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Next: Comparison with Ground Truth? Up: Experimental Evaluation Previous: Experimental Evaluation


The purpose of the validation experiment was to establish if our measures of Specificity and Generalisation were able to detect a known model degradation. We also intended to investigate the effect of varying shuffle radius. Experiments were performed using two very different data sets. The first consisted of corresponding 2D mid-brain T1-weighted slices obtained from 3D MR scans of 36 subjects. In each of the images, a fixed number (167) of landmark points were positioned manually on key anatomical structures (cortical surface, ventricles, caudate nucleus and lentiform nucleus), and used to establish a ground-truth dense correspondence over the entire set of images, using locally affine interpolation. The second consisted of 68 frontal face images with blacked out backgrounds (to avoid biasing the distance measurements) with ground truth correspondence defined using 68 landmark points positioned consistently on the facial features in each image.

Figure 4: Model constructed from ground-truth annotation: left, and models constructed with increasingly degraded registration: centre and right (variation of $ \pm 2.5 \sigma _{0}$) in first three modes
[width = 0.95 ]../Graphics/face_models_with_varying_deformation_modified.png

The first 3 modes of variation of the the face model built using the ground-truth correspondence is shown in Figure 4(left). Keeping the shape vectors defined by the landmark locations fixed, smooth pseudo-random spatial warps, based on bi-harmonic Clamped Plate Splines (CPS) were then applied to the training images. The warps comprised 25 knot-points and the extent of these warps was carefully studied. By increasing the warp magnitude, successively increasing mis-registration was achieved. The mis-registered training images were used to construct degraded versions of the original model. Figure 4(centre and right) shows the models obtained using progressively degraded training data.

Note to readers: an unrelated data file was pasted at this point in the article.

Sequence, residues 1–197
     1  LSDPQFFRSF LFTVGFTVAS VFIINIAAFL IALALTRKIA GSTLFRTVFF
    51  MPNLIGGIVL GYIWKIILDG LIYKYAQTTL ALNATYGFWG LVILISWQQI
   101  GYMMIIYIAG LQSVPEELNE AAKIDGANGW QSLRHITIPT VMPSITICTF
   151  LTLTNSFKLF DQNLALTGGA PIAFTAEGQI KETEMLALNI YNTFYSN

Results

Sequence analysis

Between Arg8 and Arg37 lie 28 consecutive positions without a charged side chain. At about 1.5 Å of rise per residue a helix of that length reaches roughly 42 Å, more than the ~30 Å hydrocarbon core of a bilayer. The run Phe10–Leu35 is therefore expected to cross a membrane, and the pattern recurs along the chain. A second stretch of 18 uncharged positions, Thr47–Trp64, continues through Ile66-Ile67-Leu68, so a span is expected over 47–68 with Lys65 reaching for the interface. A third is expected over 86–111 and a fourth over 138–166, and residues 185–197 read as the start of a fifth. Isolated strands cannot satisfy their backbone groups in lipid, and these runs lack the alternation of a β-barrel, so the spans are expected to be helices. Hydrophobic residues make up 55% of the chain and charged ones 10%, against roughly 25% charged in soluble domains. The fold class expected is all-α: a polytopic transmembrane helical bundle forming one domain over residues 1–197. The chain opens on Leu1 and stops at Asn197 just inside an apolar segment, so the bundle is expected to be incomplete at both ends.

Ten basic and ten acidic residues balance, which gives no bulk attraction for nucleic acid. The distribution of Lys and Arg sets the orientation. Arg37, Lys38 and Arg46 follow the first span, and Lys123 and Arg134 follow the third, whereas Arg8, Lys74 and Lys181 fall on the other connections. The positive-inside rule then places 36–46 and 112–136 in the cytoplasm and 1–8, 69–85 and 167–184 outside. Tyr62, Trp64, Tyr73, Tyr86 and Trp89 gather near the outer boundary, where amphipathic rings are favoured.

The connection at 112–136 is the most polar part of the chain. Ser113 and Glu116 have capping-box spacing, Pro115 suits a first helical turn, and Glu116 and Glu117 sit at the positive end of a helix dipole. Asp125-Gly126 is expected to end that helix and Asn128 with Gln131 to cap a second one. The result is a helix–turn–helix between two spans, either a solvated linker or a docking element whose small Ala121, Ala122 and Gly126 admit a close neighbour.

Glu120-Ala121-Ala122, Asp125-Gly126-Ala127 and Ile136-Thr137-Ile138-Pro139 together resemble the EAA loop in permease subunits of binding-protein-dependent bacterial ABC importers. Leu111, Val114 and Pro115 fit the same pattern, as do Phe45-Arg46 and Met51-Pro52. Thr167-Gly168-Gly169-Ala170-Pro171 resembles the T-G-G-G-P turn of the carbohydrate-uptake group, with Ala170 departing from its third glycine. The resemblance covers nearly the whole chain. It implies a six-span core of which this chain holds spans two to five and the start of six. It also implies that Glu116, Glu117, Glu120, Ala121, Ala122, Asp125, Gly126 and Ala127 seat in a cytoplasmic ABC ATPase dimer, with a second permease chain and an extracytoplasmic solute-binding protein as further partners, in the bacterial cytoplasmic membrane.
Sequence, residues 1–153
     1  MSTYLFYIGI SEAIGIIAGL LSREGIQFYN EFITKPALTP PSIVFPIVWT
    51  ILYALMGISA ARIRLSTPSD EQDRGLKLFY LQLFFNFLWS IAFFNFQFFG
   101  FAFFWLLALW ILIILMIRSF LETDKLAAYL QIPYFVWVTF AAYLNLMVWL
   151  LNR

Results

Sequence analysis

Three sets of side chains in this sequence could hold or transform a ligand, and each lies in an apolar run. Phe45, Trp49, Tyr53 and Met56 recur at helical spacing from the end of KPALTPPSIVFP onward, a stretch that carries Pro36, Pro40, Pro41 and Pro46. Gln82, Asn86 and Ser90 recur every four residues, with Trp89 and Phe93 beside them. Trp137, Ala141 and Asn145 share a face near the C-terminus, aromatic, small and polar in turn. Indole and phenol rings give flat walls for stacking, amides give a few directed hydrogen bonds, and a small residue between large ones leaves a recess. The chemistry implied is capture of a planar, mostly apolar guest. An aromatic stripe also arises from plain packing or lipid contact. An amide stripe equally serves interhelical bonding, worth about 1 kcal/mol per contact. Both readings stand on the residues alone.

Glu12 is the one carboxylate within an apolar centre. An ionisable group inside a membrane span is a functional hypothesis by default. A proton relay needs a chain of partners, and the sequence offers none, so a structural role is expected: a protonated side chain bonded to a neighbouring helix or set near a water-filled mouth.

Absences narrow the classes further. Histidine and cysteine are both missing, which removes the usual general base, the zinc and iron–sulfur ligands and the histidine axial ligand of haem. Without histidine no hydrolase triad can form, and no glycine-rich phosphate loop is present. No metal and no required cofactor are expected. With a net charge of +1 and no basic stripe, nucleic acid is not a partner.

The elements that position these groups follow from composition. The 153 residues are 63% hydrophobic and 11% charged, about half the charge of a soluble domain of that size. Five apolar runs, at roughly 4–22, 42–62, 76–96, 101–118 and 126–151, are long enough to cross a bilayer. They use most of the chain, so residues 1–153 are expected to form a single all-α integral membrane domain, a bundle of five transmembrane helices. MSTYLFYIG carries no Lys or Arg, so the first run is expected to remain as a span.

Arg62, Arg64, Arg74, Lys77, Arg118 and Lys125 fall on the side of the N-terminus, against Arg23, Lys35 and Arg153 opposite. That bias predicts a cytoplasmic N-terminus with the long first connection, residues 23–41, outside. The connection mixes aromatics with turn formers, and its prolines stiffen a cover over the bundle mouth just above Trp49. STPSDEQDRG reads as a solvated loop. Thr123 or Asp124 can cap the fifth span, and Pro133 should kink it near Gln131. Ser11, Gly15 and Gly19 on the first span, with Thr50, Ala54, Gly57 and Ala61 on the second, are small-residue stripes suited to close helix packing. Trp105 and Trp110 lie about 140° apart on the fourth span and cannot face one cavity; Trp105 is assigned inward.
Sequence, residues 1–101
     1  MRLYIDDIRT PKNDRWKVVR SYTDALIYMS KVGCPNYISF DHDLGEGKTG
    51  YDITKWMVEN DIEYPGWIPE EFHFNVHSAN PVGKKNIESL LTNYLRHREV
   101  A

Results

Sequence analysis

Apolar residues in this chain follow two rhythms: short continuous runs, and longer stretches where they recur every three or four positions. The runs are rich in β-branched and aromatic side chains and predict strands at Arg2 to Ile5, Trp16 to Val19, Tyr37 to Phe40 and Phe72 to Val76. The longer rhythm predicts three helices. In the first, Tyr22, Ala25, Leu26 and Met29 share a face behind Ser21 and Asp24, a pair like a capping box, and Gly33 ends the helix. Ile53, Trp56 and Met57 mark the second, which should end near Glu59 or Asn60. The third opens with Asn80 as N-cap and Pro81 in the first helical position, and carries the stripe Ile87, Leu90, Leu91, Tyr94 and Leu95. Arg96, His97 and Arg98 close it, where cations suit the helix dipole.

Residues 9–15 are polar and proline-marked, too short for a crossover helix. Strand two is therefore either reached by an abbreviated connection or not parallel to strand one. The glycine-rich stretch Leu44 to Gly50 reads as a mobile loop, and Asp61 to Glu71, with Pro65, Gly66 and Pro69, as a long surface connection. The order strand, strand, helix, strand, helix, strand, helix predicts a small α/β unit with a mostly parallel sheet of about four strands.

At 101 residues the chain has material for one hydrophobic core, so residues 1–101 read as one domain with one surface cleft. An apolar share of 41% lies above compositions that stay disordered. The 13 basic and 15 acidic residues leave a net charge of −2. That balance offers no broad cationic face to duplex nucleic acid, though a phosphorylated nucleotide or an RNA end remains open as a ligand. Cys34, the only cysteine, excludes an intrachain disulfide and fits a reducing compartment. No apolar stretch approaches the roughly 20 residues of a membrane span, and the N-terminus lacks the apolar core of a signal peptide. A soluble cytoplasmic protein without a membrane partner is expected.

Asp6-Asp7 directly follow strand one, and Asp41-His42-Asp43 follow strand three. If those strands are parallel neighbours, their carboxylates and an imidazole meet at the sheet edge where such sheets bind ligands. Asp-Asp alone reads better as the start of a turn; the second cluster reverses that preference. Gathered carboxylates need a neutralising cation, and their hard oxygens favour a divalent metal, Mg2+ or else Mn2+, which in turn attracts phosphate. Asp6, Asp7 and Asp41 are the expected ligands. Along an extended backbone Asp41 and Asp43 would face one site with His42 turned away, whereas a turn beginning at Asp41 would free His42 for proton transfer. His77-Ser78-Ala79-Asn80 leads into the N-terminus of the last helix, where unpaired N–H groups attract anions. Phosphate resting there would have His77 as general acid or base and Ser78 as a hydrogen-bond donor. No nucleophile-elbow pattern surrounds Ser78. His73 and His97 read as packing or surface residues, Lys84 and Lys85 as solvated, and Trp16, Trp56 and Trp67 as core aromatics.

Models degraded using a range of mean pixel displacement (from the correct registration) were evaluated using the method described in section 3, using Euclidean distance ($ r$ = 0) and three different values of shuffle radius $ r$ = 1.5, 2.9 and 3.7. In each case, $ m=1000$ images were synthesised using the first 10 modes of the model, and Specificity and Generalisation were estimated.

Results are shown for the brain data in Figure 5. The results for the face data are similar, as shown in 6, but they are based on a single instantiation rather than 10, which makes the curves worse beyond the range of a 3 pixel mean displacement. As expected, Specificity and Generalisation both degrade (increase in value) as the mis-registration is progressively increased. In most cases there is a monotonic relationship between Specificity/Generalisation and model degradation, but this is not the case when Euclidean distance is used. Note that there is a measurable difference in both metrics, even for fairly small registration perturbations (eg the model of 4(center)). The steepness of the curve in the results for Euclidean distance already suggests that the use of shuffle distance gives better results.

Figure 5: Specificity and Generalisation of degraded brain models.
[width = 0.9 ]../Graphics/BW_MIAS_generalisation.png [width = 0.9 ]../Graphics/BW_MIAS_specificity.png

Figure 6: Specificity and Generalisation (with error bars) of degraded faces models.
[width = 0.9 ]../Graphics/faces_generalisation_complete.png [width = 0.9 ]../Graphics/faces_specificity_complete.png

next up previous
Next: Comparison with Ground Truth? Up: Experimental Evaluation Previous: Experimental Evaluation
Roy Schestowitz 2005-11-17